An artist’s conception of the one-pot method for transforming ammonium borane into hydrogen fuel and an illustration of how the technology, which doesn’t produce greenhouse gasses, is good for the planet. Credit: Los Alamos National Laboratory
Researchers have revealed a new single-stage method for recharging the
hydrogen storage compound ammonia borane. The breakthrough makes hydrogen a
more attractive fuel for vehicles and other transportation modes.
In an article appearing in Science, Los Alamos National Laboratory
(LANL) and Univ.
of Alabama researchers
working within the U.S. Department of Energy’s Chemical Hydrogen Storage Center
of Excellence describe a significant advance in hydrogen storage science.
Hydrogen is in many ways an ideal fuel. It possesses a high energy content
per unit mass when compared to petroleum, and it can be used to run a fuel
cell, which in turn can be used to power a very clean engine. On the down side,
H2 has a low energy content per unit volume versus petroleum. The
crux of the hydrogen issue has been how to get enough of the element on board a
vehicle to power it a reasonable distance.
Work at LANL and elsewhere has focused on chemical hydrides for storing
hydrogen, with one material in particular, ammonia borane, taking center stage.
Ammonia borane is attractive because its hydrogen storage capacity approaches
20% by weight—enough that it should, with appropriate engineering, permit
hydrogen-fueled vehicles to go farther than 300 miles on a single tank, a
benchmark set by the U.S. Department of Energy.
Hydrogen release from ammonia borane has been well demonstrated, and its
chief drawback to use has been the lack of energy-efficient methods to
reintroduce hydrogen into the spent fuel once burned. In other words, until
now, after hydrogen release, the ammonia borane couldn’t be recycled
The Science paper describes a simple scheme that regenerates ammonia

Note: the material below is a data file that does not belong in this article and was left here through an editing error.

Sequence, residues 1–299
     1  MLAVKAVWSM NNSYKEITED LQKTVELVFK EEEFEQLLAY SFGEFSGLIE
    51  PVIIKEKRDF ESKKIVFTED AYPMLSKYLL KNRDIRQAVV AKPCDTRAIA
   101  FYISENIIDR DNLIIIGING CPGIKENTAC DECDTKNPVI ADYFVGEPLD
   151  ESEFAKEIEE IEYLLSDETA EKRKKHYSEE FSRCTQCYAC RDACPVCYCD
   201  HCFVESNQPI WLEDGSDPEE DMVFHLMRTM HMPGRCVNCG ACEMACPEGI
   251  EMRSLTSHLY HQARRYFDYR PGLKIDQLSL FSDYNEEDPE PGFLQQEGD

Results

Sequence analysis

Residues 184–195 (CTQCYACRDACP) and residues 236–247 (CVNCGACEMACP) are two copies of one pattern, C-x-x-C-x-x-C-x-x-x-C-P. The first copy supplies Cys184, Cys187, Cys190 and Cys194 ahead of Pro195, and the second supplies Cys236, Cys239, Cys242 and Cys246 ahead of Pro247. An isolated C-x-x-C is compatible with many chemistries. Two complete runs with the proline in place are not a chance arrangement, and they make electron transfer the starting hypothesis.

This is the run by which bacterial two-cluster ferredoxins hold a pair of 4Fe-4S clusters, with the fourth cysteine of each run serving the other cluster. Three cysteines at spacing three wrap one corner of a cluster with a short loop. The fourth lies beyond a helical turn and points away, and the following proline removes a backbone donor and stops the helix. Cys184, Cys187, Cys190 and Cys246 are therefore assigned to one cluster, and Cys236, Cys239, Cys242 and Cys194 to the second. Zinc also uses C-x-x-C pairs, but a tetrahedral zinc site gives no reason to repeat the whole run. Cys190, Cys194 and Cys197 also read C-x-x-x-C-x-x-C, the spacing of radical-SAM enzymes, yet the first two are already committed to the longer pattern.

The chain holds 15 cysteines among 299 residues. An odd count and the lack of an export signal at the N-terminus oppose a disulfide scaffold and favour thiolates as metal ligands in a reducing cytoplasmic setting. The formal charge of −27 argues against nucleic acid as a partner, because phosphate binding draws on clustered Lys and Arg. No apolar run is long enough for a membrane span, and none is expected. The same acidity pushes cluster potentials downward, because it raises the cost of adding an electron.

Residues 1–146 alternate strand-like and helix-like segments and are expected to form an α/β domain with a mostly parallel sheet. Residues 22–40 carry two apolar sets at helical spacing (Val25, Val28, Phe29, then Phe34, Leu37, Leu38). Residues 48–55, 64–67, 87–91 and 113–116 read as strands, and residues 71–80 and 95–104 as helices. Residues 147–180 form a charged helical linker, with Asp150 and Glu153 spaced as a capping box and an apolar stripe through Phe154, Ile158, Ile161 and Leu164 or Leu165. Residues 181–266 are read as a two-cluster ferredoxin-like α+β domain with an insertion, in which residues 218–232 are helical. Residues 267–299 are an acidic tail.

borane from a hydrogen depleted spent fuel form (called polyborazylene) back
into usable fuel via reactions taking place in a single container. This
“one pot” method represents a significant step toward the practical
use of hydrogen in vehicles by potentially reducing the expense and complexity
of the recycle stage. Regeneration takes place in a sealed pressure vessel
using hydrazine and liquid ammonia at 40 degrees Celsius and necessarily takes
place off-board a vehicle. The researchers envision vehicles with interchangeable
hydrogen storage tanks containing ammonia borane that are used, and sent back
to a factory for recharge.
The Chemical Hydrogen Storage Center of Excellence was one of three Center
efforts funded by DOE. The other two focused on hydrogen sorption technologies
and storage in metal hydrides. The Center
of Excellence was a collaboration
between Los Alamos, Pacific Northwest National
Laboratory, and academic and industrial partners.
LANL researcher Dr. John Gordon, a corresponding author for the paper,
credits collaboration encouraged by the Center model with the breakthrough.
“Crucial predictive calculations carried out by Univ.
of Alabama Professor Dave Dixon’s
group guided the experimental work of the Los Alamos
team, which included researchers from both the Chemistry Division and the
Materials Physics and Applications Division at LANL,” Gordon said.